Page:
This Lady’s not for rushing…and maybe that’s ok?


September 16th, 2016

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Credit: Getty - Source:

Photo Credit: Getty – Source: The Telegraph

At such an early stage of her premiership, for many, the jury is still out regarding Theresa May, the new UK Prime Minister. Some are suggesting that her position on the periphery of the official photograph at the opening of the recent G20 summit showed how the G20 leaders regard her. However, the Guardian wisely pointed out that the protocol for where people stand is tightly controlled by objective criteria ie how long they have been at the top on the world stage. If she sticks around long enough, she will see herself gradually moving nearer to centre stage.

However, one thing is becoming clear: Theresa May will not be rushed into invoking Article 50 and the UK’s subsequent exit from the EU. How long she can maintain that position remains to be seen. President Obama’s and the Japanese Prime Minister, Shinzo Abe’s remarks at the summit tried to galvanise her into speedier action. Comments since the summit from the media, from her fellow conservative politicians and from her political leaders in Europe, continue to pile on the pressure to move more quickly. And the pause button she pressed in making the final decision about Hinkley Point power station (now finally released) certainly won her no friends in the Chinese Government – the major investor in the project.

And yet, the most effective leadership is not always demonstrated by those that move the quickest. Professor Keith Grint of Warwick Business School (and Visiting Professor at Roffey Park) speaks of the most complex or ‘Wicked’ problems we face needing a collaborative solution. And that takes time. If President Obama looks back long enough to the beginning of his time in the White House, he will remember being severely criticised for the length of time he took to decide on his Afghanistan policy. Some reports suggested he was the most indecisive American president in history. However, I suspect, when we read the inevitable memoirs he will publish after leaving office, we will see that he recognised the complexity of the issue and was collaborating widely before making a decision. If we look back still further, many historians believe that if JFK hadn’t slowed down his decision-making at the time of the Cuban missile crisis, in spite of the intense pressure of the situation and with Hawkish military commanders breathing down his neck, we may be living today in a post-nuclear winter.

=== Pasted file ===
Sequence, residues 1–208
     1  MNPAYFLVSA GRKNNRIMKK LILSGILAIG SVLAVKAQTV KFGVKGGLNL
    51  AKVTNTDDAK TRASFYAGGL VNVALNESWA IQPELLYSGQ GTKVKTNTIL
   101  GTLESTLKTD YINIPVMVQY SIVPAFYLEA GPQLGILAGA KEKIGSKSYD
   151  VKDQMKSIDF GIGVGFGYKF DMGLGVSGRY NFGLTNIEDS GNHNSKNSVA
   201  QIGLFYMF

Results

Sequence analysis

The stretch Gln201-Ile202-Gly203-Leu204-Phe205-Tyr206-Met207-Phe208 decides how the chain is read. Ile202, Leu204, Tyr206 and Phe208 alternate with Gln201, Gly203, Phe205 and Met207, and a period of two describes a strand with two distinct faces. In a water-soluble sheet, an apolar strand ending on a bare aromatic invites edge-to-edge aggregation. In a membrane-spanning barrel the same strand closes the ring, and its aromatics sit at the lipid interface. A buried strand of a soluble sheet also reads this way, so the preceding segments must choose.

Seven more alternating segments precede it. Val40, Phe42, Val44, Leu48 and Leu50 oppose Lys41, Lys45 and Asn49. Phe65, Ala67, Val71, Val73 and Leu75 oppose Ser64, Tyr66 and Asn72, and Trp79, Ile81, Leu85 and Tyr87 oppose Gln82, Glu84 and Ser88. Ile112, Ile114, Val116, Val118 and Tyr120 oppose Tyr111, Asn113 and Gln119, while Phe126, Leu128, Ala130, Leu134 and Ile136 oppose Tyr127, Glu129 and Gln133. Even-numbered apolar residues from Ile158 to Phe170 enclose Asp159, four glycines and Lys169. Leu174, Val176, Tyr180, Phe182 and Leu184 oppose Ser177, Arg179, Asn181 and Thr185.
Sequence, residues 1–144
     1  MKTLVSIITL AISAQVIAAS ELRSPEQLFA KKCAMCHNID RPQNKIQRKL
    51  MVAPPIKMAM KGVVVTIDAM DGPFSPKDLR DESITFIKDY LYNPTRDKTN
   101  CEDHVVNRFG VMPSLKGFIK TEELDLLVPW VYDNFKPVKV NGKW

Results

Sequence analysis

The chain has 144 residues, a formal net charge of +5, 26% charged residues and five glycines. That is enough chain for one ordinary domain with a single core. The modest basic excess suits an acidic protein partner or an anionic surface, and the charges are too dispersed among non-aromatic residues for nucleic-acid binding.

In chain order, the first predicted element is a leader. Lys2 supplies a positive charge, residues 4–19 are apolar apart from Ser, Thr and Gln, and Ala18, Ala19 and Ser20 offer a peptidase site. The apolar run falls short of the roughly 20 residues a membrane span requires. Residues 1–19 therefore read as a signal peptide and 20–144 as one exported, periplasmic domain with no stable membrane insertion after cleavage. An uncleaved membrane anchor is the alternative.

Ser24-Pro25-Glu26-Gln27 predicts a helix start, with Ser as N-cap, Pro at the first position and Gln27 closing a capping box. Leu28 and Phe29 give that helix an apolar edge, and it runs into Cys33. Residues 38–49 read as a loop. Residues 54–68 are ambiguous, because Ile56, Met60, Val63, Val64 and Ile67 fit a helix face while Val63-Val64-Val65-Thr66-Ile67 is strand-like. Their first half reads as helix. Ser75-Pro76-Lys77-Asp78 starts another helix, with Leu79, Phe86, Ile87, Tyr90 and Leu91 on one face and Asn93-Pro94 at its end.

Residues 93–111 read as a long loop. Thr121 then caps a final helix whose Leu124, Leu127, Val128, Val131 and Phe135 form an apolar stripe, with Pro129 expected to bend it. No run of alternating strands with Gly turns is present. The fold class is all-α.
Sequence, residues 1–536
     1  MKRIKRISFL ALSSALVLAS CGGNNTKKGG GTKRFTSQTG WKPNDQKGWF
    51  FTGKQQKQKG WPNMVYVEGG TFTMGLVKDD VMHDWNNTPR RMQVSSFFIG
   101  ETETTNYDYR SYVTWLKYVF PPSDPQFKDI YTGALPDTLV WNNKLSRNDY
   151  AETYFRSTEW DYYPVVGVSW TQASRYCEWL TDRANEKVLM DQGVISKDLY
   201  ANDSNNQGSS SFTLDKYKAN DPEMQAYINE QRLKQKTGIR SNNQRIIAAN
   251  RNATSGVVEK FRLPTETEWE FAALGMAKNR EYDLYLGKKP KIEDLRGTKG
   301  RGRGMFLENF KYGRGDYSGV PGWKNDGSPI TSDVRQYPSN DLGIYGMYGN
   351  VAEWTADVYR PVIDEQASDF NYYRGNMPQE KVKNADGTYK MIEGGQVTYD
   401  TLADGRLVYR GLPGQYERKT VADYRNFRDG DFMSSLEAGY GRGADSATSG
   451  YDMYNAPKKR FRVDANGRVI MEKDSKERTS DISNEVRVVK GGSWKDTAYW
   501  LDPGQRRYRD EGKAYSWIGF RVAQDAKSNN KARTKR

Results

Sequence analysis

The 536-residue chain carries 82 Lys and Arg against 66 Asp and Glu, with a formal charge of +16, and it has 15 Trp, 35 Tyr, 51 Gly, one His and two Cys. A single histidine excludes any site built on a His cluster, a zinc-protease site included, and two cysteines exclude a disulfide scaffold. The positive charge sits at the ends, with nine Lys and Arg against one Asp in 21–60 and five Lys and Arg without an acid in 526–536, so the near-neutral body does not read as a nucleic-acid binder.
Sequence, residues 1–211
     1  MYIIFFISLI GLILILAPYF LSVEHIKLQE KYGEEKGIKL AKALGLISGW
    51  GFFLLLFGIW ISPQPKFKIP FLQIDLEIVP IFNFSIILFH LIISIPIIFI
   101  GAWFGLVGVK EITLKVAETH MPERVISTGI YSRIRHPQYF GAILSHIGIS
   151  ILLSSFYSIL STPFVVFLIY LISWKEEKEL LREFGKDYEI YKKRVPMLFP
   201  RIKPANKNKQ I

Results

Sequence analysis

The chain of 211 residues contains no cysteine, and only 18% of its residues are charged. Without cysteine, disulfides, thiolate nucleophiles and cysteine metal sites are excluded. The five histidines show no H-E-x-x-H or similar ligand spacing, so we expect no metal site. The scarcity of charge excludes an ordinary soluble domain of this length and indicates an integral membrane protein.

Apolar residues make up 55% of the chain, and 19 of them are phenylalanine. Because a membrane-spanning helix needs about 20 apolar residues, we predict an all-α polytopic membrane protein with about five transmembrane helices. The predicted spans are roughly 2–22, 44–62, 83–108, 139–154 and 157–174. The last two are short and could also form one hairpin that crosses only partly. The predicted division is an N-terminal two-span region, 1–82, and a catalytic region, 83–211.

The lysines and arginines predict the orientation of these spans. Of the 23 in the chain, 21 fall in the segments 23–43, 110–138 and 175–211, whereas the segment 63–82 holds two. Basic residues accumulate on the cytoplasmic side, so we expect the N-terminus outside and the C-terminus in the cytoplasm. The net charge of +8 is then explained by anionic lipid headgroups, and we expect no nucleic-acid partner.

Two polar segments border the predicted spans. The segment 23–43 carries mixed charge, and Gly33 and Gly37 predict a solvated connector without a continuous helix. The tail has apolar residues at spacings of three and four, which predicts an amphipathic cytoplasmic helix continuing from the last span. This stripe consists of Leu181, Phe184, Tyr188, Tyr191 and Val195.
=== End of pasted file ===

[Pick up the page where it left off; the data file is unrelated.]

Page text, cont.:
But in this fast-paced world, doesn’t the race tend to go the quickest? Not necessarily, if Jim Collins’ and Morten Hansen’s 2011 Great by Choice study of organisations that thrive in fast-paced, volatile and unpredictable environments is to be believed. He uses the contrasting approaches of Amundsen and Scott battling to be the first to reach the South Pole to bring out some perhaps counter-intuitive messages about how to survive in volatile conditions. If the weather was good, Scott would take his expedition party as far as they could go each day, even if they dropped exhausted at the end of it. Unfortunately, when the weather turned against them, they were then battling against it from a position of exhaustion. Amundsen, in contrast, set his men the discipline of 20 mile marches each day – whatever the weather – to ensure they paced themselves for the long-haul. Collins points out that companies like South-West Airlines survived volatility in a similar way. In 1999, 100 US cities were clamouring for their services. They only opened in four. Collins said that the seven companies that stood out at being particularly adept at surviving volatile conditions seemed to live by the mantra: ‘Go as slow as you can and as fast as you must’.

The UK’s first woman prime minister, Margaret Thatcher, famously said of herself: ‘This Lady’s not for turning’ at the 1980 Conservative Party Conference, in response to pressure to slow down her liberalisation of the UK economy. She had already been labelled, ‘The Iron Lady’ in a Soviet newspaper in 1976 in response to her tough stance against what she saw as a creeping ‘Russian imperialism’. It was a title she seemed to relish.

It remains to be seen how Theresa May will come to be known. She will need to use all her political and personal savvy to navigate the turbulent post-referendum waters over the coming few years. Perhaps ‘The Steel Lady’ might be a title she will need to earn as a descriptor of the necessary quality of her nerves over this period. But, at least for now, ‘the Lady’s not for rushing’. And maybe that’s a good thing.